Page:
- Paint Brushes
- Decide on two colours to use, I chose grey and pink. Start out by mixing two large batches of your colours.
- Applying liberal amounts of the paint to the canvas and work in varying horizontal and vertical strokes.
- Don’t worry if you didn’t mix enough paint on the first go. I went back a few times and tried to create similar colours, but in the end I decided to go darker.
- I also went back a few times and re-painted some sections to create a layered effect.
- Just before the paint dried completely I applied the gold leaf to some random sections. Let it dry before peeling it off.
I love making my own cards, it makes me feel so creative without requiring Da Vinci’s skill set, but I hate it when it requires a huge budget or rare materials. So I decided to share a Valentine’s Day card DIY that uses little more than your standard office supplies.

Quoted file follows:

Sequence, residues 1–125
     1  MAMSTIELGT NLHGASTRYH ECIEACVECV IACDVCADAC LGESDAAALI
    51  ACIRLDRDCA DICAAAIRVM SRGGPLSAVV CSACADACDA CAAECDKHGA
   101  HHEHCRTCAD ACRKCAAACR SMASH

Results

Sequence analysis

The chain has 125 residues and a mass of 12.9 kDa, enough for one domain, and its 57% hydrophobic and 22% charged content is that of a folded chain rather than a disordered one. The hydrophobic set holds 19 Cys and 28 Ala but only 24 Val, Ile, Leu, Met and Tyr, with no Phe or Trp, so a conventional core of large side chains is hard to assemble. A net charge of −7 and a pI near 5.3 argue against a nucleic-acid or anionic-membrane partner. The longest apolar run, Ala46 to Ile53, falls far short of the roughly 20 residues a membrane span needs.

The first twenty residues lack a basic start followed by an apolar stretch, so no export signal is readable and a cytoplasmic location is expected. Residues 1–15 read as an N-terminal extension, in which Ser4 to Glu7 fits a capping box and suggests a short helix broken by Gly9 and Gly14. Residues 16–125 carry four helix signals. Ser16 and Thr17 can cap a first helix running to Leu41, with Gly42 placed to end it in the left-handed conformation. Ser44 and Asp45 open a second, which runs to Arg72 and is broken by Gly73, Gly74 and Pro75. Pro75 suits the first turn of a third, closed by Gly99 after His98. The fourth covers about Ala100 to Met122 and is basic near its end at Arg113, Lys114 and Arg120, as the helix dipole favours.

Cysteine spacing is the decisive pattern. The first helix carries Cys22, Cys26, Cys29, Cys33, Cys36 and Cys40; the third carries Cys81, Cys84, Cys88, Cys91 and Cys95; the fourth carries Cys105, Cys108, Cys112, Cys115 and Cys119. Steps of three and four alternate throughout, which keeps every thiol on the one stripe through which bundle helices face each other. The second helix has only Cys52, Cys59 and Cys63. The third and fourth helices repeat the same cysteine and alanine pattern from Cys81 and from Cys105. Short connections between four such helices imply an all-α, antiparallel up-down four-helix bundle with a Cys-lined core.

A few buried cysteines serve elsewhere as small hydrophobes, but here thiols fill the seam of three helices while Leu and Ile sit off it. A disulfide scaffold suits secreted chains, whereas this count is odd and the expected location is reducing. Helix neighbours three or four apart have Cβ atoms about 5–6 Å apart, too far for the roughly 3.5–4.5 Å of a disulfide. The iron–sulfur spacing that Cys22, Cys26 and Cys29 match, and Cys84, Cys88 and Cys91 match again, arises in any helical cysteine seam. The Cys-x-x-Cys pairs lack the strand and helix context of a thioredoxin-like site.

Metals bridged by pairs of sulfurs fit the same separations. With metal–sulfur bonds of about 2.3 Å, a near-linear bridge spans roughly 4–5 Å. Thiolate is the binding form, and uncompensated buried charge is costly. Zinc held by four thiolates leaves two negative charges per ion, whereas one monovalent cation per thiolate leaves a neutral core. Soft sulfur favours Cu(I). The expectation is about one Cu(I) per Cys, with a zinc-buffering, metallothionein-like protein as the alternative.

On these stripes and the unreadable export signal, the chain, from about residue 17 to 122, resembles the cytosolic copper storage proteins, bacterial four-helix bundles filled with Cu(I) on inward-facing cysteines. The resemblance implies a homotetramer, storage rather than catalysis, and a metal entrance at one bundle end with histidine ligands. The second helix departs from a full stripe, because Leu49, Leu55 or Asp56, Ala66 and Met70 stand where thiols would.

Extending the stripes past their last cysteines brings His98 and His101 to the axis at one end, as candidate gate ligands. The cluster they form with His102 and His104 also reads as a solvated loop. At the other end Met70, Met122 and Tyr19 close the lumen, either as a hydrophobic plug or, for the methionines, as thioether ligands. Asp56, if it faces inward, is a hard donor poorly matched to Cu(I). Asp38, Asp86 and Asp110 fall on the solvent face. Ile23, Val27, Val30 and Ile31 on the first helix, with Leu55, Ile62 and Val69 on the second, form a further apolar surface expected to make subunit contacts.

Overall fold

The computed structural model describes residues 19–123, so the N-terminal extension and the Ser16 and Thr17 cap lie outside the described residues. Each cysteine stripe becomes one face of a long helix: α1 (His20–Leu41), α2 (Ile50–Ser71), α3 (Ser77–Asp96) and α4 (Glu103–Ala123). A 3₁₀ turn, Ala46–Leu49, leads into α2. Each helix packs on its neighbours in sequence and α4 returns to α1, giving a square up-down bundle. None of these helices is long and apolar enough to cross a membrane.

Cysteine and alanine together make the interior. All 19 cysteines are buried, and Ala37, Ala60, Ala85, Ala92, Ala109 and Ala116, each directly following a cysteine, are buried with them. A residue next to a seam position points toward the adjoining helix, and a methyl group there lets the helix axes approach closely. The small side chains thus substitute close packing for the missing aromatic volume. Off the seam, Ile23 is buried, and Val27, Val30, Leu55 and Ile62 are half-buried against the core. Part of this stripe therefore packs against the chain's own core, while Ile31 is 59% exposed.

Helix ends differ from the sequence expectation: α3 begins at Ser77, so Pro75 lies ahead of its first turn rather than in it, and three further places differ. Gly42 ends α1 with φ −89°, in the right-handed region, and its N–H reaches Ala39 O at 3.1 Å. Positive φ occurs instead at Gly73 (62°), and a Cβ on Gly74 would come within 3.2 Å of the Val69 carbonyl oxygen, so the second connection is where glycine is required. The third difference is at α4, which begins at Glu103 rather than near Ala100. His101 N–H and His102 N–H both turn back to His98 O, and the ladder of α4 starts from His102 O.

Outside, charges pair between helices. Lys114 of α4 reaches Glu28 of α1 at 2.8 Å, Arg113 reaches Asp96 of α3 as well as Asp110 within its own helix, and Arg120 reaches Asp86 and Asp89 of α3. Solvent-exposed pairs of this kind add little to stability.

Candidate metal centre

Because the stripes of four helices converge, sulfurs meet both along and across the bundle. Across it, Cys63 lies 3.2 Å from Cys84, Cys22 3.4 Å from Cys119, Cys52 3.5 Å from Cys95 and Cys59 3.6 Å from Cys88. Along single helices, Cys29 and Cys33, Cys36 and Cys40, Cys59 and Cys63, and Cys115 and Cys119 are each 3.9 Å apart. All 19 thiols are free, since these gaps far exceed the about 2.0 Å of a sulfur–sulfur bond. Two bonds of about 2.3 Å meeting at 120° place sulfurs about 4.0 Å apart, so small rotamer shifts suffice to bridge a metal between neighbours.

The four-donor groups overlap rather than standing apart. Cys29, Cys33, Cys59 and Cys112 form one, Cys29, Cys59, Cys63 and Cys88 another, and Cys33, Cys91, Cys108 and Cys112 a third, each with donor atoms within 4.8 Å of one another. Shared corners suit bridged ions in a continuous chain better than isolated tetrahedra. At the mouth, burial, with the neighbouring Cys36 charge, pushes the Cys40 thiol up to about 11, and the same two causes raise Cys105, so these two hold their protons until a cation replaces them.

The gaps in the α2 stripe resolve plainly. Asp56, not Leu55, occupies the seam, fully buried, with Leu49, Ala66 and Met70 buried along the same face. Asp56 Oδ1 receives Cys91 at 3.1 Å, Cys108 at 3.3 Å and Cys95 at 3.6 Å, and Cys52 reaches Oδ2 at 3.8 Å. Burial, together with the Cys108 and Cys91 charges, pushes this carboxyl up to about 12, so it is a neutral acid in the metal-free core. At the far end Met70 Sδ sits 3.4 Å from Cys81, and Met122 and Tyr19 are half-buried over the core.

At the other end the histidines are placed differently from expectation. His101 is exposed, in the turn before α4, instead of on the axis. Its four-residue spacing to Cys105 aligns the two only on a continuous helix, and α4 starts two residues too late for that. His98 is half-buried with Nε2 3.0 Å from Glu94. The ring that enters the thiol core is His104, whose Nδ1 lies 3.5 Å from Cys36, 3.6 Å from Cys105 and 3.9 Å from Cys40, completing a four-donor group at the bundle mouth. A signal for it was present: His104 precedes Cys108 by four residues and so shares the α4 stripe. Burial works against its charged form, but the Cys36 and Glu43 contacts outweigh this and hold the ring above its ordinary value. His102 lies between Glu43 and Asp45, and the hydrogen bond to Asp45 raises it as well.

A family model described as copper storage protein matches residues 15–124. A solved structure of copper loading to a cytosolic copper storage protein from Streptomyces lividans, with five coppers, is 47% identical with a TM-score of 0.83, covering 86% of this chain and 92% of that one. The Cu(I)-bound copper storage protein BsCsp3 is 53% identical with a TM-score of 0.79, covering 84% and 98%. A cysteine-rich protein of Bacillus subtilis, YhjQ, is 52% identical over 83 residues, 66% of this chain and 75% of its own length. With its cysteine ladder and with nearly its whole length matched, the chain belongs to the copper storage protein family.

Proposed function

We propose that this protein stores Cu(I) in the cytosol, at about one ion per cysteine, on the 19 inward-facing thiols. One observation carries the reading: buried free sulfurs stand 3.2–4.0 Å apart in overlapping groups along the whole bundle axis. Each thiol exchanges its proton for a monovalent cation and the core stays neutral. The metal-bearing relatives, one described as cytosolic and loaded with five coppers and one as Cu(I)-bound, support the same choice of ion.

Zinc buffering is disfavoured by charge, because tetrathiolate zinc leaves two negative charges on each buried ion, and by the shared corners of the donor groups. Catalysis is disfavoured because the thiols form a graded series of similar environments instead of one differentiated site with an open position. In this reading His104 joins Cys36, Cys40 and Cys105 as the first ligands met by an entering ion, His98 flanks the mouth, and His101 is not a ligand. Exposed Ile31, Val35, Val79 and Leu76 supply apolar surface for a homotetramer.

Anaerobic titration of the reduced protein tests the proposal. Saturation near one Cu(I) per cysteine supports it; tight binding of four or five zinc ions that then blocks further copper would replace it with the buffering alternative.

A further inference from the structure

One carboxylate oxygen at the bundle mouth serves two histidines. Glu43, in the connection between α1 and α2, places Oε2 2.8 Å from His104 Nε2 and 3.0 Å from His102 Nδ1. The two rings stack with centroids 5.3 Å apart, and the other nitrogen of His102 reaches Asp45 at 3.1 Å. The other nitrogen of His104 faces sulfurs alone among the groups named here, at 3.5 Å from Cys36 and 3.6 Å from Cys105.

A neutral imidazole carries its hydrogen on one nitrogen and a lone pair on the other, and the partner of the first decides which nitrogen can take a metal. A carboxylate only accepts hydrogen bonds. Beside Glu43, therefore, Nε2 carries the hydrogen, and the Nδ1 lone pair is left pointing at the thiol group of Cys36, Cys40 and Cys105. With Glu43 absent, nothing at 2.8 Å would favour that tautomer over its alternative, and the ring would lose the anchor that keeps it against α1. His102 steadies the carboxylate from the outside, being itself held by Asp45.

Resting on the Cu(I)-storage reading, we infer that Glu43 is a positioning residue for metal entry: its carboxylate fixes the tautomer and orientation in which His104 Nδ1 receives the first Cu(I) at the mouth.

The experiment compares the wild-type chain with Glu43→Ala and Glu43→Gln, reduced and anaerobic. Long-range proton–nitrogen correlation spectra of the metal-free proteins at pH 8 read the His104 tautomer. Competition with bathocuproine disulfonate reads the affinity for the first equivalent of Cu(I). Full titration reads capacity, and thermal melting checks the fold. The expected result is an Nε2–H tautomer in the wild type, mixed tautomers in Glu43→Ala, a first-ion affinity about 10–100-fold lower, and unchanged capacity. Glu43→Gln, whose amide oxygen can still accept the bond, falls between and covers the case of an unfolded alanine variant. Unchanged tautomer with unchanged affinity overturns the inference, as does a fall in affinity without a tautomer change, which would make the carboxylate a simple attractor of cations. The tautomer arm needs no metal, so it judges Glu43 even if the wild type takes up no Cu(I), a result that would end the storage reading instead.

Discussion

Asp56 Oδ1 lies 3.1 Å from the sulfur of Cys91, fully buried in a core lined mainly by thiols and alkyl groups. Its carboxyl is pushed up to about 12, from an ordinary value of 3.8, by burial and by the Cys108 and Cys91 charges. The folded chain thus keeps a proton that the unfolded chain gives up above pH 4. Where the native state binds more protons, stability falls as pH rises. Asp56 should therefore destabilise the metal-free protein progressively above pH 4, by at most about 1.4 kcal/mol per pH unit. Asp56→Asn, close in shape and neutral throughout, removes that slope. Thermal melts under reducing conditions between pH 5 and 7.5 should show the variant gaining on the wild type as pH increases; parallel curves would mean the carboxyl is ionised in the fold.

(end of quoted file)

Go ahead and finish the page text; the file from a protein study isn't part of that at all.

- Plain white envelope
- Red or Pink Pen (metallic optional)
- White card stock
- Red or Pink Lipstick
- Pink Lace, 6 cm
- Line the envelope’s edges with a pink or red pen. Use a ruler as a guide by placing it on the inside.
- Cut the card stock to size (use the envelope as a guide).
- Pucker up with the lipstick and place a big fat kiss near the corner.
- Glue the lace to the left-hand edge of the card using small dots of glue on the paper. If you don’t have a piece of lace, simply skip it. You could alternatively trace the edges of the card similarly to the envelope.
- Leave to dry before writing your love note.
I think this is a great last-minute card perfect for your loved one or your best friend!